Hoof Issue

“It is now becoming increasingly probable that standing alone could be the primary cause of claw horn disruption pathogenesis…not just a secondary factor. Sole ulcer is short for standing up disease!”


Source: 2020 Four-State Dairy Nutrition and Management Conference 

Research done by Katie Ballard, a researcher at Miner Institute, graphically illustrates how a cows’ body temperature increases while they are lying down. Cows stand to reduce their body temperature. When comparing cool vs hot days, Ballard illustrated the differences in lying time in the table to the right. On Farm, a cows stood an additional 3.7 hr., Farm B 2.3 hr., Farm C 2.0 hr., and Farm D 2.5 hr. when comparing hot days to cool days.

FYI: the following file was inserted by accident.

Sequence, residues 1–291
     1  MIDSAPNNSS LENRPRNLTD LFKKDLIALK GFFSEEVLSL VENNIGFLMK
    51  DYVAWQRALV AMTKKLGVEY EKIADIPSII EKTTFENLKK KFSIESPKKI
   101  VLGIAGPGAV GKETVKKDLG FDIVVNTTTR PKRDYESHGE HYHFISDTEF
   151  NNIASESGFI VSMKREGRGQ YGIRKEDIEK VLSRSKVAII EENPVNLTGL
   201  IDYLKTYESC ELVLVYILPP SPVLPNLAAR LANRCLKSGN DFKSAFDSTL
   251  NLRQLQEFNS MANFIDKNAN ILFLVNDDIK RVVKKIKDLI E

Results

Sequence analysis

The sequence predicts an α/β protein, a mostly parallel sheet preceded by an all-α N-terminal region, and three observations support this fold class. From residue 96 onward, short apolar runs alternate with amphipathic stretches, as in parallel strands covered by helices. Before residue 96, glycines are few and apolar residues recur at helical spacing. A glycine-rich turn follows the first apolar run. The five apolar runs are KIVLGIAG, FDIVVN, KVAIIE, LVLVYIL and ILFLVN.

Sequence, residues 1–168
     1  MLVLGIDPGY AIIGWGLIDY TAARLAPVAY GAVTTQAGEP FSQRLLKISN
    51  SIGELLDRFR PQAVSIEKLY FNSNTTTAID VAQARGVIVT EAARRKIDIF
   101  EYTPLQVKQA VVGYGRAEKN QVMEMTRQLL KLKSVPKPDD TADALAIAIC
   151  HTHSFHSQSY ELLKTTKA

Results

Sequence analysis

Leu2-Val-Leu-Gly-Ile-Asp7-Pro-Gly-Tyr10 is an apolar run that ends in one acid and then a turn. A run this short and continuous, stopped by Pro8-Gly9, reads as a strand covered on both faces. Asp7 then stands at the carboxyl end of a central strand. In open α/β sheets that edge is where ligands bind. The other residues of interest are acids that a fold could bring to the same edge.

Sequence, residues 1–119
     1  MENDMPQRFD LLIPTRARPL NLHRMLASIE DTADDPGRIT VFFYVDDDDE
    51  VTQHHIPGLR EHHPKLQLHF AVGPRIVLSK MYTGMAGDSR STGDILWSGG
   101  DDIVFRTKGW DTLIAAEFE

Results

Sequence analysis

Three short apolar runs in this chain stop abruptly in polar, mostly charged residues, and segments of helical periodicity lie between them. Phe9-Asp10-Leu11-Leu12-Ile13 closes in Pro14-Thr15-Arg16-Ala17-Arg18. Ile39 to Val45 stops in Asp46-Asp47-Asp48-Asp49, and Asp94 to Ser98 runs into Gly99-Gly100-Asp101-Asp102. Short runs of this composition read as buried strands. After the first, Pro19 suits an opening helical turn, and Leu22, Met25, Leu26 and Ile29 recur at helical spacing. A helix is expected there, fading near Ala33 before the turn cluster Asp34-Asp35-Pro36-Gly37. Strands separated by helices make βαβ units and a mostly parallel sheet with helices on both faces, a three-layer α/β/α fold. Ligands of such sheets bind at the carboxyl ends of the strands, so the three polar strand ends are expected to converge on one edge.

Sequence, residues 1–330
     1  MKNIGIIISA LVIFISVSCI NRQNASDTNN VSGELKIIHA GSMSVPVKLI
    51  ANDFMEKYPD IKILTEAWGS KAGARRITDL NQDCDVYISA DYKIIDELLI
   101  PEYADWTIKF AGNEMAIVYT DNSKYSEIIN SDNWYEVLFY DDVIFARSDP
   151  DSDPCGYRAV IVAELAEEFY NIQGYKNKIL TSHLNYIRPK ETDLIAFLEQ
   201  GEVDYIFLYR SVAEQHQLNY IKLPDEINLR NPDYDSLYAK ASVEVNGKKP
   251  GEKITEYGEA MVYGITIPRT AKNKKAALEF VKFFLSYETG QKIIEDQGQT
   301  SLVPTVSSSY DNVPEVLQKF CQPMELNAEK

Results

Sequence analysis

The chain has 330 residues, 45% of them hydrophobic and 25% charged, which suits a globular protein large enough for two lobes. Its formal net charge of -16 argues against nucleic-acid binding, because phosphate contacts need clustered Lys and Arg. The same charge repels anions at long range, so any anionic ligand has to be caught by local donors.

What time of year do we see the greatest problem with lame cows?

Jose Santos, DVM U of FL, says “It is not uncommon to observe a high incidence of foot problems subsequent to a hot summer … dairy farmers and herdsmen routinely complain about an increase in lameness during the months of August, September, and October.”

In a 4 yr. WI study, Nigel Cook, DVM illustrates the 2 mo. lag between peak temp. and peak development of claw horn lesions.

Reach out to your Parion Nutritionist to benchmark your hoof issues through Aug, Sep, and Oct of 2021. Together prepare a plan to improve heat abatement and cow comfort strategies to cool cows, improve resting time and reduce standing time. Work together as a team to develop a plan to prepare for next year’s heat.